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'I have always played fairly': Peter O'Mahony breaks silence on his Six Nations red card

By Liam Heagney

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Peter O’Mahony has broken his silence about the red card he was shown when playing for Ireland in the opening round of this year’s Guinness Six Nations. The back row was banished by referee Wayne Barnes for contact to the head of Wales’ Tomas Francis.

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The February 7 sending-off for what was deemed reckless play resulted in a three-match for the 31-year-old who has since seen Rhys Ruddock and Tadhg Beirne (twice) wear the No6 Ireland jersey in his absence.

Now back in the mix and available for selection to play against England in next Saturday’s championship finale, O’Mahony has reflected on the red card incident 37 days after 14-man Ireland were beaten by the Welsh in Cardiff.

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Johnny Sexton looks ahead to Ireland versus England and reflects on CJ Stander’s retirement
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Johnny Sexton looks ahead to Ireland versus England and reflects on CJ Stander’s retirement

“When it comes to breakdown and it comes to international rugby you have got to be incredibly urgent, you have got to be incredibly accurate and you have got to bring physicality and these incidents happen,” he explained.

“It’s a very physical game. I have always played hard, I have always played fairly in my opinion. Look, I 100 per cent was wrong in what happened in the incident but the guys know better than anyone, my teammates know that I was acting on the best intent to make the best intention for the team that day and unfortunately that is what happened.

“I don’t think they will be looking for me to put in any different performance that I go out any other week to play for Ireland, that would be unjust to the jersey. I go out every time to play as best as I can and more importantly than anyone the lads around me know that.

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“It’s been hard,” he added when asked about coping with his enforced layoff. “It’s different when you are injured, you’re on a different buzz. But when you are fit and healthy and ready to go and you are raring to go and you can’t it makes it a little tougher.

“But I spent a couple of great weeks with Munster, training with the A team, trying to help the seniors prepare for their games, back in here last week to prepare the lads as best as possible which I certainly enjoyed but I am not going to make any bones about it. I’m looking forward to getting back playing.”

While O’Mahony’s suspension coincided with him agreeing to a two-year IRFU central contract extension, CJ Stander, his similarly aged Munster and Ireland colleague, has taken a very different decision, spurning a new deal in preference of retiring from rugby next summer.

Very shocked when he told us all last night,” said O’Mahony about the South African back row who first came to Ireland in 2012. “I didn’t see it coming, I don’t think anyone did, but he explained his reasons and his reasons are very valid ones, very noble ones and everyone will respect his decision.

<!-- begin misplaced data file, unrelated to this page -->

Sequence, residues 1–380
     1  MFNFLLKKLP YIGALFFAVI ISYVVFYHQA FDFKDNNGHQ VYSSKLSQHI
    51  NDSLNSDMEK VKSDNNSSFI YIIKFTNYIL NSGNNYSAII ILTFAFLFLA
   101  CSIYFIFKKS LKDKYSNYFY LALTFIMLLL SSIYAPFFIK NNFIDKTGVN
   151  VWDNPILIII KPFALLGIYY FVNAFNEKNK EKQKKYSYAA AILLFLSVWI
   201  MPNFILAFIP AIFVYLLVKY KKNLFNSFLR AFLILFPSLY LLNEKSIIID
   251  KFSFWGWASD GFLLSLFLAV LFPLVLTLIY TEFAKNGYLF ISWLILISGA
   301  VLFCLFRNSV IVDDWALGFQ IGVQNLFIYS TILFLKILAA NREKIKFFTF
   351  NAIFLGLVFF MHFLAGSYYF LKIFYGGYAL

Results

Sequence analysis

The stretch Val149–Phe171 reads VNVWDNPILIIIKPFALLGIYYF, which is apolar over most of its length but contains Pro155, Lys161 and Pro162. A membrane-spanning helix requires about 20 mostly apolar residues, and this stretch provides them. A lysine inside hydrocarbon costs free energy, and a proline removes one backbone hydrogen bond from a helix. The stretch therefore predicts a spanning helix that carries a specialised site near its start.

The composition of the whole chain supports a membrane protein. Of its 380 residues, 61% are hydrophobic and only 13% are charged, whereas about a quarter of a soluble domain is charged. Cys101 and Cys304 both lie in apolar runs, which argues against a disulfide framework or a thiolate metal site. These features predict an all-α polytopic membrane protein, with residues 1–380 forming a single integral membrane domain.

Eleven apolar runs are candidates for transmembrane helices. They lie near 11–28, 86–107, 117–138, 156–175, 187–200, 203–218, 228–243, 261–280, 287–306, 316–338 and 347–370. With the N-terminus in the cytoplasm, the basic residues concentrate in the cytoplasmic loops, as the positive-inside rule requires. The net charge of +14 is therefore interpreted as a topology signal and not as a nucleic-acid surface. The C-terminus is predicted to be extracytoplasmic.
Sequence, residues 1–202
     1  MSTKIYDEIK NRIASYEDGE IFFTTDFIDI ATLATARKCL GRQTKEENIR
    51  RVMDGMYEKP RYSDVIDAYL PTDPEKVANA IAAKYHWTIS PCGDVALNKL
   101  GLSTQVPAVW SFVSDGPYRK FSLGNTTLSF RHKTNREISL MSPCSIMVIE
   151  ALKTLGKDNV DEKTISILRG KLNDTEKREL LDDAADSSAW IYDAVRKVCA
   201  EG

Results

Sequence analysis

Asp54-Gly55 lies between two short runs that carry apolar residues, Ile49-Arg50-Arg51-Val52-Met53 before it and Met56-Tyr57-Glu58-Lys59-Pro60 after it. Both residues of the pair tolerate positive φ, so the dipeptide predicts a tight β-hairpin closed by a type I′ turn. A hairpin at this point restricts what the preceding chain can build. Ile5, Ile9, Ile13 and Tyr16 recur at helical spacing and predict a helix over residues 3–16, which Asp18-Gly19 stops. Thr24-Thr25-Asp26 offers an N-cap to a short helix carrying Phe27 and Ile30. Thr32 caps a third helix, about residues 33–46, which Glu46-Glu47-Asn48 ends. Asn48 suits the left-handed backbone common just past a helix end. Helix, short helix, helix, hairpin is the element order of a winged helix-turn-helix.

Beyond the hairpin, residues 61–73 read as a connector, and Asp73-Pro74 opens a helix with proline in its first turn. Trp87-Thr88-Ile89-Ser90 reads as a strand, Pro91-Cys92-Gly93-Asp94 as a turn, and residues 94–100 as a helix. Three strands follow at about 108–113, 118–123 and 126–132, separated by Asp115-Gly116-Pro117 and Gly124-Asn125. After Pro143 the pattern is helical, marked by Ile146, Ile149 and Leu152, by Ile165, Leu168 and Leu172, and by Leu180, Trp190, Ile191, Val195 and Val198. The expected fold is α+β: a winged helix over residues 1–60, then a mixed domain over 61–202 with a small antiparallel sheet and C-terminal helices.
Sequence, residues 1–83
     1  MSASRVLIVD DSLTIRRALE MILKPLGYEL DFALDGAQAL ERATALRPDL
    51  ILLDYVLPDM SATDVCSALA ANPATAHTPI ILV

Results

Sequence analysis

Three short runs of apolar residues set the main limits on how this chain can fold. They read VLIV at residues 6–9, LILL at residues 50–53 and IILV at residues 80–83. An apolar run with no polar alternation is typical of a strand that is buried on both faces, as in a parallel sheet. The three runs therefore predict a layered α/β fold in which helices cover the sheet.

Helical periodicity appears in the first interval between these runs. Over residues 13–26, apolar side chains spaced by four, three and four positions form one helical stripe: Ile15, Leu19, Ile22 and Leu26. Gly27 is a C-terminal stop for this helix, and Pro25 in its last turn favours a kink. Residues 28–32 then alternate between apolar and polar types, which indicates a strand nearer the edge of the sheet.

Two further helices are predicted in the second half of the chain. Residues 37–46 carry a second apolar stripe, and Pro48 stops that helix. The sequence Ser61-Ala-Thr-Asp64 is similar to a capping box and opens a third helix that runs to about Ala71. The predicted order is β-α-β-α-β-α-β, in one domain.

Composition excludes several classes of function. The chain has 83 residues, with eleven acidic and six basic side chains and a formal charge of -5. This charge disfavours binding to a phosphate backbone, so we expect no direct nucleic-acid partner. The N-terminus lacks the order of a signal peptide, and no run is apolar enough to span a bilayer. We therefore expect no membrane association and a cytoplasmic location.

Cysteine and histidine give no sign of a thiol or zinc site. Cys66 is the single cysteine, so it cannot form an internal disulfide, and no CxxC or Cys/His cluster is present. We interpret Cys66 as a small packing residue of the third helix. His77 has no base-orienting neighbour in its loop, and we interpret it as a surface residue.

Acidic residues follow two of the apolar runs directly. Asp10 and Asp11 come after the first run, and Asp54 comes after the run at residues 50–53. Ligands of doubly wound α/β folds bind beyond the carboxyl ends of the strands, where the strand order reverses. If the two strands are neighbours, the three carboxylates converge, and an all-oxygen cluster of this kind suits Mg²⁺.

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“The man has given an incredible amount to not just Ireland but Munster as well, Limerick, an incredible teammate and he has got to give a bit back to his family who have sacrificed a huge amount for him. We will hopefully make this week and the couple of months he has left to play with us and me certainly as special as we can.

“From the day he arrived in Munster he did his best to buy into our culture and now he is creating bits of our culture. I’d always think who do kids look up to? You want to be someone who the young fellas look up to and it’s a nice compliment to give to someone, that there are kids around probably not just Ireland, around the British Isles and beyond, who want to be like CJ which is a huge compliment.

“He is an incredible family man, which he has spoken about and how important that is to him, an incredible friend and an incredible teammate. I can’t say much more… it’s no secret that he has never had a long-term injury or any sort of an injury at all.

“It’s down to how he looks after himself, his professionalism, his recovery, he brings an incredible edge, not just when it comes to the weekend but in training as well. He is an immaculate trainer, incredibly coachable which is something I would rate him also as one of the best.

“His ability to listen and learn new skills, like the player he arrived as and the player he is now, he has come such a long way and he has lapped up the great coaches that myself and himself have spent a huge amount of time with.

“Just a competitor, you can see it in him. We have all watched him play 50 off times for Ireland and way over 100 for Munster. He is just competitive with everything. That is what makes him such an incredible teammate.”

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'I have always played fairly': Peter O'Mahony breaks silence on his Six Nations red card

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